Continue Reading Eleventh Circuit Says Netflix Series Does Not Infringe Copyrighted Memoir

The United States District Court for the Middle District of Florida recently dismissed all claims against the coupon database and news website Coupons in the News, reinforcing protections for online publications and associated photographs that are of legitimate public concern.  See Anderson v. Best Buy Stores, Case No: 5:20-cv-41-JSM-PRL (M.D. Fla. July. 28, 2020).

The lawsuit arose over a disagreement about the use of expired coupons at a Best Buy store.  Courtney Anderson allegedly caused a disturbance by pulling down her pants during the argument, ultimately finding herself under arrest for disorderly conduct. Coupons in the News, a website offering coupons, advertisements, and a news service pertaining to couponing, posted an article on its website that detailed Anderson’s alleged actions at the store and included her mug shot. The article labeled Anderson the “Pantless Couponer.”


Continue Reading Florida Court Reinforces Protections for Newsworthy Publications

Well known for their highly publicized interactions with the legal system, Rose McGowan and her former defense attorney Jose Baez faced off this year over conflict of interest allegations in Baez v. McGowan, 2020 Ill. Cir. LEXIS 458 (2020).  Jose Baez is best known for his successful defense of Casey Anthony, a young woman tried for the murder of her two-year-old daughter in 2011, while actress, activist, and author Rose McGowan famously accused media producer Harvey Weinstein of raping her at the 1997 Sundance Film Festival.  McGowan is widely considered to be a fervent #MeToo supporter and touts nearly two million followers across her Twitter and Instagram profiles.

McGowan first hired Baez as her trial attorney in 2018 after McGowan was charged with felony possession of a controlled substance in Virginia.  The prosecution alleged that McGowan concealed a baggie of cocaine in her wallet, which was discovered after she accidentally left it behind on an airplane.  Although McGowan theorized that Weinstein paid off airline staff to plant the cocaine as part of a conspiracy to silence his rape accusers, she ultimately agreed to a plea deal and did not present the Weinstein theory to the court.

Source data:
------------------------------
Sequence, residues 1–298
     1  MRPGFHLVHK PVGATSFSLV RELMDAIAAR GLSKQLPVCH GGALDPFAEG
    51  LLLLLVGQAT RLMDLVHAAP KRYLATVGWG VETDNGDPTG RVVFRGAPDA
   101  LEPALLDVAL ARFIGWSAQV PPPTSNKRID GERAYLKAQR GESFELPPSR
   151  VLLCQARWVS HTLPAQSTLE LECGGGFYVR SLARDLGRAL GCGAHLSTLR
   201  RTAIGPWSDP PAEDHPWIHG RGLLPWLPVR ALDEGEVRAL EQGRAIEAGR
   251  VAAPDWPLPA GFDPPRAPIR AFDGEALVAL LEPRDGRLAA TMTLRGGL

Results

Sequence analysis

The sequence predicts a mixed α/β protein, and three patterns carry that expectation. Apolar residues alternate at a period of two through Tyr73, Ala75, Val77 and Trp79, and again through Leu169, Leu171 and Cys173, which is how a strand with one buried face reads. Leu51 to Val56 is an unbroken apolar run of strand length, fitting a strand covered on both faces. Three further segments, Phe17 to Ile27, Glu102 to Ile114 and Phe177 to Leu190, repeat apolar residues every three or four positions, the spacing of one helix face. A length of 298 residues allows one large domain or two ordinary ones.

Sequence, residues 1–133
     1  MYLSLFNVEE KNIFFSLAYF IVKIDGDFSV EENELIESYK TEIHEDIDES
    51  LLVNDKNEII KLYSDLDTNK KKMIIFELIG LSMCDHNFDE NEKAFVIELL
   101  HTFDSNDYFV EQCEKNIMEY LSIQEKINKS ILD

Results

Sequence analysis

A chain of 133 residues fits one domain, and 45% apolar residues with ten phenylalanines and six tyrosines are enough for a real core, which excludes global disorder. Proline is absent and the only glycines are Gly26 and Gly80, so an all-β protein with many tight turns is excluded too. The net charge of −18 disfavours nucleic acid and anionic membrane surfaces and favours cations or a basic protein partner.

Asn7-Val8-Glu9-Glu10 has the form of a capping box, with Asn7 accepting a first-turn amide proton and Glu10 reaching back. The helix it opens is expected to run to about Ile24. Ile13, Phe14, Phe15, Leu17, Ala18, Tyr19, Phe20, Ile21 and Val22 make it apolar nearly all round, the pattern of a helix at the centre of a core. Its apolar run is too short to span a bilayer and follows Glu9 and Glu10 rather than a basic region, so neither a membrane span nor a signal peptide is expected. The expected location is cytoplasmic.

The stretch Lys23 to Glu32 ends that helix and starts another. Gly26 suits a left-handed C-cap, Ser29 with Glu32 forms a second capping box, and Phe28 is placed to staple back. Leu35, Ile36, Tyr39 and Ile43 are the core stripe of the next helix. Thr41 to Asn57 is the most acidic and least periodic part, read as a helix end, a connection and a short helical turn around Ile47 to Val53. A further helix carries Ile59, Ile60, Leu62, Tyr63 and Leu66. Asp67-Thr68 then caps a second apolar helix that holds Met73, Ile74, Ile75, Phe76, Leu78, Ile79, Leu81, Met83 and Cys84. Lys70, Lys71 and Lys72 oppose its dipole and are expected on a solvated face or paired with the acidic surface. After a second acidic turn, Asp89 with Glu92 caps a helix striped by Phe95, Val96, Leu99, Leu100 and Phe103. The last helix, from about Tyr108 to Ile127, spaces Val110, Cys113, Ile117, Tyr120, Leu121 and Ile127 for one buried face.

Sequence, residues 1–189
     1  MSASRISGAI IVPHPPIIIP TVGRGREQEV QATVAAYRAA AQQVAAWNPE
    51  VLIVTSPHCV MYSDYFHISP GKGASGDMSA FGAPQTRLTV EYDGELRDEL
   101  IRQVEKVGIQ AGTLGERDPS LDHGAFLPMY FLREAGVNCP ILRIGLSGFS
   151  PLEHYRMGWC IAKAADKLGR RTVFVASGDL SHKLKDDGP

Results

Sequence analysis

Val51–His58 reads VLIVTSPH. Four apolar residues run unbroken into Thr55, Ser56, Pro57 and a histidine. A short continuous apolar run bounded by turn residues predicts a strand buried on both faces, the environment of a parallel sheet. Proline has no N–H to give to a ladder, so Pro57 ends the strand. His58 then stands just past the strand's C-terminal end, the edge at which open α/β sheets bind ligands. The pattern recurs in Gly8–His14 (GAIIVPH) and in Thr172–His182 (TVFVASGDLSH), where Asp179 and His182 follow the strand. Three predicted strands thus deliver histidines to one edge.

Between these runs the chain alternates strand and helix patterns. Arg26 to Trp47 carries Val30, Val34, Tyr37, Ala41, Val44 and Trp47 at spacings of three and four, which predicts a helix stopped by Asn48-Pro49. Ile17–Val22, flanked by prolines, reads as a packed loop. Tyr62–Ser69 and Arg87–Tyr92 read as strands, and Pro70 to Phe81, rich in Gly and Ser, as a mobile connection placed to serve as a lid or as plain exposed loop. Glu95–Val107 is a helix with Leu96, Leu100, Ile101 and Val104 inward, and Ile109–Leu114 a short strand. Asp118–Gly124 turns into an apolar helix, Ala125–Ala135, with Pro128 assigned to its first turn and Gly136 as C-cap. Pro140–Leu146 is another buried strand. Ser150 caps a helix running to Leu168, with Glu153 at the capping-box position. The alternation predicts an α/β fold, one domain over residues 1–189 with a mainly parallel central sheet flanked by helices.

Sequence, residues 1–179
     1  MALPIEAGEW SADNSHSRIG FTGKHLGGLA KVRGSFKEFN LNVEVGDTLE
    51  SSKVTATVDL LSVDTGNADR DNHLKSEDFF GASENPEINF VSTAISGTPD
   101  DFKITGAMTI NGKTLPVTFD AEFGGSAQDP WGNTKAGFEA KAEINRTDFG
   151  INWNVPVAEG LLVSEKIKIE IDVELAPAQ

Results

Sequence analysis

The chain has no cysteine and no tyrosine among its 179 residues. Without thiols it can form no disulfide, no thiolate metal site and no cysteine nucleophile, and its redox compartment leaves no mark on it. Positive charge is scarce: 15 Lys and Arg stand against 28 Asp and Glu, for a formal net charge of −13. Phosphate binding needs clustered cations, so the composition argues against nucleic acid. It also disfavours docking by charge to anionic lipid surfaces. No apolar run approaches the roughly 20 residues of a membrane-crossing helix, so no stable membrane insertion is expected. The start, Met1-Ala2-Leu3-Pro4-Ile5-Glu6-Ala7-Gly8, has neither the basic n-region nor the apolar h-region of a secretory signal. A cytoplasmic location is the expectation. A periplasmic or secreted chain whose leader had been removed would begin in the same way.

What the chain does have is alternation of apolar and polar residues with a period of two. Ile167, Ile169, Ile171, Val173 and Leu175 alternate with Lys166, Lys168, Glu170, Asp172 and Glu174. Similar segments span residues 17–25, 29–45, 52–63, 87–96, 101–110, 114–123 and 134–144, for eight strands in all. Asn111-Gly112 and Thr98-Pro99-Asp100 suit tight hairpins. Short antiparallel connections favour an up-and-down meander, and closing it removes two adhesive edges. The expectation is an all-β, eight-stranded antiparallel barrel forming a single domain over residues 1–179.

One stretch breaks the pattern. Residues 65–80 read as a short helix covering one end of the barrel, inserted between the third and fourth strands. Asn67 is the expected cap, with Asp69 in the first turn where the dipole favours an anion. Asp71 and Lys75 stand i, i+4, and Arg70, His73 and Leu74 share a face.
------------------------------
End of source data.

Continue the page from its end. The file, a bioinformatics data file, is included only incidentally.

Continue Reading Demonstrating the Strength of the “Opinion Defense,” Rose McGowan Defeats Defamation Suit

Lauded as the “the most important law protecting free speech”[1] and the law that “gave us the modern internet,”[2] Section 230 of the Communications Decency Act (Section 230) has been a fixture of recent internet policy debates and blamed for everything from the proliferation of sex trafficking[3] to enabling anti-conservative social media bias[4].

Section 230 says, “[n]o provider or user of an interactive computer service shall be treated as the publisher or speaker of any information provided by another information content provider.”[5]

Those 26 words shield online platforms from liability arising from hosting or making available third-party or user-generated content.[6] In other words, online platforms are considered intermediaries that cannot be legally liable for what users post on their platforms. However, Section 230 does not provide immunity to the actual creator of content. The author of a defamatory post could still be held responsible for any defamatory material they post.


Continue Reading Section 230 – Everything You Love and Hate About the Internet